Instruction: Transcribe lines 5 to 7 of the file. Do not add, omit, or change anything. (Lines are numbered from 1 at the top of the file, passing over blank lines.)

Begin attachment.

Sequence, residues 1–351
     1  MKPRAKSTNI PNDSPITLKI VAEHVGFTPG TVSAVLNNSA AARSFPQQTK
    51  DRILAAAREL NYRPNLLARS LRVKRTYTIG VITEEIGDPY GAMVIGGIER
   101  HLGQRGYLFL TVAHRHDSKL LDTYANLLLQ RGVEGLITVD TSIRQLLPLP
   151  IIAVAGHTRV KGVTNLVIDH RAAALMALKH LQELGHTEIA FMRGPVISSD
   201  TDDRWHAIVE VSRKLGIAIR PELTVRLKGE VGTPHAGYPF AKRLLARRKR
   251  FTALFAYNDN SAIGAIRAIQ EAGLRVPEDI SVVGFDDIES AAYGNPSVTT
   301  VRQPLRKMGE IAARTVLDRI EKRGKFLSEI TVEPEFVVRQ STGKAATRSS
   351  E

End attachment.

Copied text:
   151  IIAVAGHTRV KGVTNLVIDH RAAALMALKH LQELGHTEIA FMRGPVISSD
   201  TDDRWHAIVE VSRKLGIAIR PELTVRLKGE VGTPHAGYPF AKRLLARRKR
   251  FTALFAYNDN SAIGAIRAIQ EAGLRVPEDI SVVGFDDIES AAYGNPSVTT